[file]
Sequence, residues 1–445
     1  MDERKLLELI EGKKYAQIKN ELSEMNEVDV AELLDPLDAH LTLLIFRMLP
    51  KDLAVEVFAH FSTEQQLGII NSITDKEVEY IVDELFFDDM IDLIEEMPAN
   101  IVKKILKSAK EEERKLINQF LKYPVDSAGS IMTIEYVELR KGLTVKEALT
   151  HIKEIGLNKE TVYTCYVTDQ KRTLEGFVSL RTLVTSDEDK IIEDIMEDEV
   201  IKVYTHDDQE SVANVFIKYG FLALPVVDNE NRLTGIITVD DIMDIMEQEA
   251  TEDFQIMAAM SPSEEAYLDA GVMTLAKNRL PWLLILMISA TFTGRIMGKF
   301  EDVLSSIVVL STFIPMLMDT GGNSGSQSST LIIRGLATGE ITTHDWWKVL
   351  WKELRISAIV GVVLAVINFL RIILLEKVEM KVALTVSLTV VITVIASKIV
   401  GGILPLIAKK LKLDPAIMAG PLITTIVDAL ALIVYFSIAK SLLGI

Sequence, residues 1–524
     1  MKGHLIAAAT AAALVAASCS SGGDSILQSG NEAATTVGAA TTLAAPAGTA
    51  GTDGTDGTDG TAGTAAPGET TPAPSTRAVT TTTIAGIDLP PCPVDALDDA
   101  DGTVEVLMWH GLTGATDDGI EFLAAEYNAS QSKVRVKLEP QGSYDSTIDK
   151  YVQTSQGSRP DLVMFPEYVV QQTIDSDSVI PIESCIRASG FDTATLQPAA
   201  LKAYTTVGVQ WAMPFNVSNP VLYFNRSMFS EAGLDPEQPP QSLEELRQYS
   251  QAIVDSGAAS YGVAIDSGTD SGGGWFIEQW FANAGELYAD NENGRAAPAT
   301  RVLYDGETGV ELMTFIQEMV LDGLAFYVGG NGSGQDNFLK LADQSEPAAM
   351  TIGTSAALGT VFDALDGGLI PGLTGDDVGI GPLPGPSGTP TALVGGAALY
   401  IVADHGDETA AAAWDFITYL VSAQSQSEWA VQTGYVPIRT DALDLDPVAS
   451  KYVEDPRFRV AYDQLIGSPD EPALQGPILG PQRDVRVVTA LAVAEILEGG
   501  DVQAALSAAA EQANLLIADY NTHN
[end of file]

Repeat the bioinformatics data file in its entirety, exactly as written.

Sequence, residues 1–445
     1  MDERKLLELI EGKKYAQIKN ELSEMNEVDV AELLDPLDAH LTLLIFRMLP
    51  KDLAVEVFAH FSTEQQLGII NSITDKEVEY IVDELFFDDM IDLIEEMPAN
   101  IVKKILKSAK EEERKLINQF LKYPVDSAGS IMTIEYVELR KGLTVKEALT
   151  HIKEIGLNKE TVYTCYVTDQ KRTLEGFVSL RTLVTSDEDK IIEDIMEDEV
   201  IKVYTHDDQE SVANVFIKYG FLALPVVDNE NRLTGIITVD DIMDIMEQEA
   251  TEDFQIMAAM SPSEEAYLDA GVMTLAKNRL PWLLILMISA TFTGRIMGKF
   301  EDVLSSIVVL STFIPMLMDT GGNSGSQSST LIIRGLATGE ITTHDWWKVL
   351  WKELRISAIV GVVLAVINFL RIILLEKVEM KVALTVSLTV VITVIASKIV
   401  GGILPLIAKK LKLDPAIMAG PLITTIVDAL ALIVYFSIAK SLLGI

Sequence, residues 1–524
     1  MKGHLIAAAT AAALVAASCS SGGDSILQSG NEAATTVGAA TTLAAPAGTA
    51  GTDGTDGTDG TAGTAAPGET TPAPSTRAVT TTTIAGIDLP PCPVDALDDA
   101  DGTVEVLMWH GLTGATDDGI EFLAAEYNAS QSKVRVKLEP QGSYDSTIDK
   151  YVQTSQGSRP DLVMFPEYVV QQTIDSDSVI PIESCIRASG FDTATLQPAA
   201  LKAYTTVGVQ WAMPFNVSNP VLYFNRSMFS EAGLDPEQPP QSLEELRQYS
   251  QAIVDSGAAS YGVAIDSGTD SGGGWFIEQW FANAGELYAD NENGRAAPAT
   301  RVLYDGETGV ELMTFIQEMV LDGLAFYVGG NGSGQDNFLK LADQSEPAAM
   351  TIGTSAALGT VFDALDGGLI PGLTGDDVGI GPLPGPSGTP TALVGGAALY
   401  IVADHGDETA AAAWDFITYL VSAQSQSEWA VQTGYVPIRT DALDLDPVAS
   451  KYVEDPRFRV AYDQLIGSPD EPALQGPILG PQRDVRVVTA LAVAEILEGG
   501  DVQAALSAAA EQANLLIADY NTHN